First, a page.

Impact

Impact

Community Impact

Horizons at Warner is committed to improving the quality of life and breaking the cycle of poverty for our families by providing ample academic support and enrichment opportunities that guide our students through high school graduation and beyond.

We are able to do this by establishing meaningful connections throughout the community, starting with the Rochester City School District and John James Audubon School No.33, the institution from which we recruit the majority of our Kindergarten students. The remainder of our kindergarten students are recruited via our partnership and the students’ roots with the Greater Rochester Summer Learning Association (GRSLA).

On a larger scale, we are proud to derive support from the sustainable community of learning established by Horizons National, through which affiliates from across the nation, in public, private or secondary schools, colleges or universities, support one another in building long-term relationships between their families, teachers, staff, and the community at large.

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The Challenge

Gaps of Opportunity, Resources, and Achievement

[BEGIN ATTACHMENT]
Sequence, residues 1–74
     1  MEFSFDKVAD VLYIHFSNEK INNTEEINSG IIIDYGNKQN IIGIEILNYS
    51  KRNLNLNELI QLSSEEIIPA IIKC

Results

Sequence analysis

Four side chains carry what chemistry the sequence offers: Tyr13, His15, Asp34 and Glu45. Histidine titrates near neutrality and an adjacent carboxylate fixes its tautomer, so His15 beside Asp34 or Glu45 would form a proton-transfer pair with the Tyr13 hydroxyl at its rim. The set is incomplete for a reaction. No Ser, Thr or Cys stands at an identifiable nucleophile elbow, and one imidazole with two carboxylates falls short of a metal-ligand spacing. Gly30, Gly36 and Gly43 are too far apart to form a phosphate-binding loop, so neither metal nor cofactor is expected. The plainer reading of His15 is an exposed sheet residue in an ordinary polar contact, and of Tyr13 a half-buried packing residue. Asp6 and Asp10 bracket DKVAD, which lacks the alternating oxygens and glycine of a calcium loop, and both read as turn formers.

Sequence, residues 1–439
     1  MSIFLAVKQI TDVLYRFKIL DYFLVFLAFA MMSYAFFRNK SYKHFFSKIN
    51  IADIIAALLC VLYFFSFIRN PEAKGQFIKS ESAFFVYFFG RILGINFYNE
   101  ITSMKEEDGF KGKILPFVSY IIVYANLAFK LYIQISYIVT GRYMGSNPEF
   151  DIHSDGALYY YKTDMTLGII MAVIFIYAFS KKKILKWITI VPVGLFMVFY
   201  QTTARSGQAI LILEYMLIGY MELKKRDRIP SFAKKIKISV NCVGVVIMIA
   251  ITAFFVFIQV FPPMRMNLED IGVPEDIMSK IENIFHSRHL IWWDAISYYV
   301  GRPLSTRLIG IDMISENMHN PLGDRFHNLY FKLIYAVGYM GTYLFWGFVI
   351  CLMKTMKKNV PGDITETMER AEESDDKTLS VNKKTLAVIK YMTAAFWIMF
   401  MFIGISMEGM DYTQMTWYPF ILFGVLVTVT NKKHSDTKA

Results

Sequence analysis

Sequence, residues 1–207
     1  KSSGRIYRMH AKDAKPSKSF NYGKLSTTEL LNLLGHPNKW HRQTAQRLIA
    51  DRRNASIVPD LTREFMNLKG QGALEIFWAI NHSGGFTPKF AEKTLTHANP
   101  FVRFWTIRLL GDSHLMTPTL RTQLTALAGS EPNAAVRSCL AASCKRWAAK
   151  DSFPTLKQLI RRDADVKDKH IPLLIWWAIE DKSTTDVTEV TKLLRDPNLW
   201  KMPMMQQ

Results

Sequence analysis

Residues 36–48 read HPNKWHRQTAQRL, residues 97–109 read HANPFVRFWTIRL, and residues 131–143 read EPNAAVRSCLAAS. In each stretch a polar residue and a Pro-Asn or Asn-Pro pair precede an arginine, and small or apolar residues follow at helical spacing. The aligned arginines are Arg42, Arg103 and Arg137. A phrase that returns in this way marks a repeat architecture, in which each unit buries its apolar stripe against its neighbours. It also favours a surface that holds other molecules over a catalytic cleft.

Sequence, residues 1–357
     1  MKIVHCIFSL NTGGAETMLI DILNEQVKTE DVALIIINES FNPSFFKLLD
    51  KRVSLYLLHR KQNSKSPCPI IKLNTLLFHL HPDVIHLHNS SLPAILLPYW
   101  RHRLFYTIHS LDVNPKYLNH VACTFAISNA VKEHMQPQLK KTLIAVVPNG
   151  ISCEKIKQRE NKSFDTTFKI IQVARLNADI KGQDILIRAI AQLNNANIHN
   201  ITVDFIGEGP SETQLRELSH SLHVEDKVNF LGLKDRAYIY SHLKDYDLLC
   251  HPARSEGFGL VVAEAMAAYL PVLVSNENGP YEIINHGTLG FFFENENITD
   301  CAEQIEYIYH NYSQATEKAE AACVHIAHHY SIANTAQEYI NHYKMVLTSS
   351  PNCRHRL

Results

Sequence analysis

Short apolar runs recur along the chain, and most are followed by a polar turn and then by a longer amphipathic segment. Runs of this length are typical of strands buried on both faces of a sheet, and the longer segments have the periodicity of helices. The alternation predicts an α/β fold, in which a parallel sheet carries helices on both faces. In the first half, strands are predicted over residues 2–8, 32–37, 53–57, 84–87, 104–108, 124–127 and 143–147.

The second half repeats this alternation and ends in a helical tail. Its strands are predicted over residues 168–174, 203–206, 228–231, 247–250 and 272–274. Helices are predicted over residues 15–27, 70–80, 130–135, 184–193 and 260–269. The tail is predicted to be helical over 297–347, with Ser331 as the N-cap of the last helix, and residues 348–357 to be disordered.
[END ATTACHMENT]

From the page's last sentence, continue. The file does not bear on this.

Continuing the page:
Today’s students from marginalized communities are forced to deal with gaps of opportunity, resources, and achievement. Given the current state of the City of Rochester with 54% of children in Monroe County living in poverty and 99% of Rochester City School District children qualifying for free lunch, the City of Rochester ranks in the nation’s top three mid-size cities in poverty. This makes it much more difficult for students from the Rochester City School District to obtain experiences that support their success and achievement in high school, college, and the workforce.

Summer Learning Loss

Research demonstrates that students, especially from 3rd to 8th grade, the age-range at the core of our program, lose anywhere from 20-50% of the math and reading skills that they learn during the school year over the two months of summer vacation.

This phenomenon is called summer learning loss, and it is one of the primary causes of the persistent academic achievement gap that exists for the student population we serve. We are able to combat this challenge by providing students with outstanding staff, curriculum, and enrichment opportunities for six weeks out of their summer.

Without programs like Horizons, under-resourced students experience a substantial and cumulative erosion of reading and math skills that can ultimately leave them years behind their peers. Horizons at Warner has become a valuable asset in providing an extended learning to students who would not otherwise have opportunities for summer enrichment like vacations and summer camp.

Our program is determined to provide the things that increased funding in education, summer school, and recreation programs have not been able to;  quality academic experiences that enrich a student’s life over the course of consecutive summers.

We believe in fostering strong relationships through the development and impact of a curriculum deeply rooted in best practices and educational research at the Warner School of Education.